Security personnel outside the Wuhan Institute of Virology during the World Health Organization’s visit in February. (Thomas Peter/Reuters)

Responsibility for getting to the bottom of this mystery now lay in the hands of Haines, a former deputy CIA director and deputy national security adviser in the Obama administration. She had 90 days to report back to Biden while presiding over an intelligence community that has been deeply divided over the question. There have been other major obstacles as well, including China’s unwillingness to cooperate, notably refusing to turn over lab records that would help in the investigation.

In her only public comments since the start of the review, Haines told Yahoo News that her teams were seeking to collect new intelligence that might shed light on the pandemic’s source, while also applying fresh analysis to the intelligence that has already been gathered. Her agencies, she said, “are trying to get as much information as possible, new information that could be applied against the challenge,” but also “just brainstorming about different ways to approach the problem that might reveal how information that you hadn’t thought could be relevant might be useful.”

To that end, Haines has deployed “red cells,” or groups of contrarian thinkers to challenge the assumptions of analysts and ensure that the intelligence is being examined from every relevant angle. “There’s an effort to do exercises,” she said. “Do one exercise, look at one hypothesis, do another exercise looking at the other hypothesis.”

The effort has been coordinated by the National Counterproliferation Center, which has been tapping resources across the intelligence community, making sure that all collection avenues are being pursued and that foreign intelligence liaisons and other overseas partners are tapped “to ensure we have as much information and any information that they might have on the table,” Haines said.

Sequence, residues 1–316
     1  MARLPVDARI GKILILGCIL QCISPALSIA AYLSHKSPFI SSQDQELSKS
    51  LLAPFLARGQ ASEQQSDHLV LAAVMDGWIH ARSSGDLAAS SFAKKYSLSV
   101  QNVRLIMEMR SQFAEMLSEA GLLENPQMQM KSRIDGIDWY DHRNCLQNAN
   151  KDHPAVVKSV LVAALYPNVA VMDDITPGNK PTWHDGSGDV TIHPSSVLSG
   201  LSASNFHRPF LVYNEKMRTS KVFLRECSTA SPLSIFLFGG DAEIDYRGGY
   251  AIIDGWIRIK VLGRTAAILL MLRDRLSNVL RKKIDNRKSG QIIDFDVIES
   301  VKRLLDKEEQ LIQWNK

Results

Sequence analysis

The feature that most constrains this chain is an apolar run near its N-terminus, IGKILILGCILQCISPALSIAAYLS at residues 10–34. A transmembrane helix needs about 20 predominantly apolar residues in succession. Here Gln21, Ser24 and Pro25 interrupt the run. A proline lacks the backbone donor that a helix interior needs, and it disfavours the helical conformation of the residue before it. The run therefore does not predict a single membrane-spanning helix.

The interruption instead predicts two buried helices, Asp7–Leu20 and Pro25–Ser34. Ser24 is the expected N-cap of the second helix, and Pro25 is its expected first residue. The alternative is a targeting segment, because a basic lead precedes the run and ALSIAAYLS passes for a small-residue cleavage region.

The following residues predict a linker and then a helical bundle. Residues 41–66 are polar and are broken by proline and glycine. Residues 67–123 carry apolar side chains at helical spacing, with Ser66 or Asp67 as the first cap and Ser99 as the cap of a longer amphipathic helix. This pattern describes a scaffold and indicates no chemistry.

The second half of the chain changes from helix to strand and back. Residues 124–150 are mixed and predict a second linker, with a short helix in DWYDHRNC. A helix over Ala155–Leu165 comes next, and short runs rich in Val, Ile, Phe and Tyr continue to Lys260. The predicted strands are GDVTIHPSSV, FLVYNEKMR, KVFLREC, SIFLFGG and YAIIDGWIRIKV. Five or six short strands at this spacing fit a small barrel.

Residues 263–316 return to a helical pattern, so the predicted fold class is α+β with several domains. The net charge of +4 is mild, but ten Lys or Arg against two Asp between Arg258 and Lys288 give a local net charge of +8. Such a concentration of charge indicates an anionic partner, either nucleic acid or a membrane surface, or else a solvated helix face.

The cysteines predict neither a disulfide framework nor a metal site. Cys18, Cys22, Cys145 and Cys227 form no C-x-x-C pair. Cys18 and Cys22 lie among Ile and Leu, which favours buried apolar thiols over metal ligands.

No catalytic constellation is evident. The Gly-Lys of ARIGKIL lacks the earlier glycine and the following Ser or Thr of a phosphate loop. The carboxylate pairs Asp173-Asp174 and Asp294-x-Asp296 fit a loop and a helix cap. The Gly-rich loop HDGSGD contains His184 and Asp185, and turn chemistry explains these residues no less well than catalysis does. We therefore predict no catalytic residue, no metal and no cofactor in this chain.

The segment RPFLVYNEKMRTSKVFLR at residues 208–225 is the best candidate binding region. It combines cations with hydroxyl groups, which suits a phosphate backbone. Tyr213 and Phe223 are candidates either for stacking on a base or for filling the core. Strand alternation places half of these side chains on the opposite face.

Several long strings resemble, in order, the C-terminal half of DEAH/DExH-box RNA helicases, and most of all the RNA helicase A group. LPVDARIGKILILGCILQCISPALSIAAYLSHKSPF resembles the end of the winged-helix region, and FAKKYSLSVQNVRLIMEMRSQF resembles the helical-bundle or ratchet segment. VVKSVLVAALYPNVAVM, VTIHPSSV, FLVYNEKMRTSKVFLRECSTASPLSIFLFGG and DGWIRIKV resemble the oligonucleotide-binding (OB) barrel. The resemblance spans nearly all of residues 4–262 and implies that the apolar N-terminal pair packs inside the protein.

But nearly a month into the review, it appears that the intelligence community is no closer to settling on one explanation of how the deadly virus originated. Haines pointed out the difficulties of “proving a negative.”

U.S. Director of National Intelligence Avril Haines during a hearing on Capitol Hill, Washington in April. (Graeme Jennings/Pool via Reuters)
National Intelligence Director Avril Haines. (Graeme Jennings/Pool via Reuters)

From listening intently to both sides of the debate, Haines does understand why both arguments seem so plausible. “It’s true that the vast majority of pandemics and novel diseases have originated through human contact with animals, but you also look at the fact that it appears to have come from the area in which this lab was doing work on coronaviruses and you have to look at that option as well. You can make an argument in either direction.”

Haines even posited a third, hybrid theory for the virus’s origin. “It could be, for example, a scenario in which a scientist comes into contact with an animal that they’re sampling from” and contracts the virus in that way.

Should the review end with no definitive resolution on the origins of the virus, Haines will have no choice but to give Biden and other senior policymakers that unsatisfying answer.

Insight into how COVID-19 spread could provide crucial information to public health officials looking for strategies to prevent the next outbreak. And if it turned out it leaked from a Chinese lab, that would be important information guiding Washington’s tense competition with Beijing, not to mention leverage to push for stricter safety regimes of international research labs.

But Haines said that as much as she’d like to solve this scientific and national security conundrum, the intelligence community has to stick to its core mission of calling it as they see it. “The best thing I can do is to present the facts as we know them and to present the analysis that we’ve done in as unbiased a way possible,” she said.

Added Haines, “We’re going to do our damnedest to try to get an answer. But what policymakers hope and expect from me, I think, is that I present to them what we do and what we don’t know, and I don’t try to make something up or give them an answer that I think they might like to have.”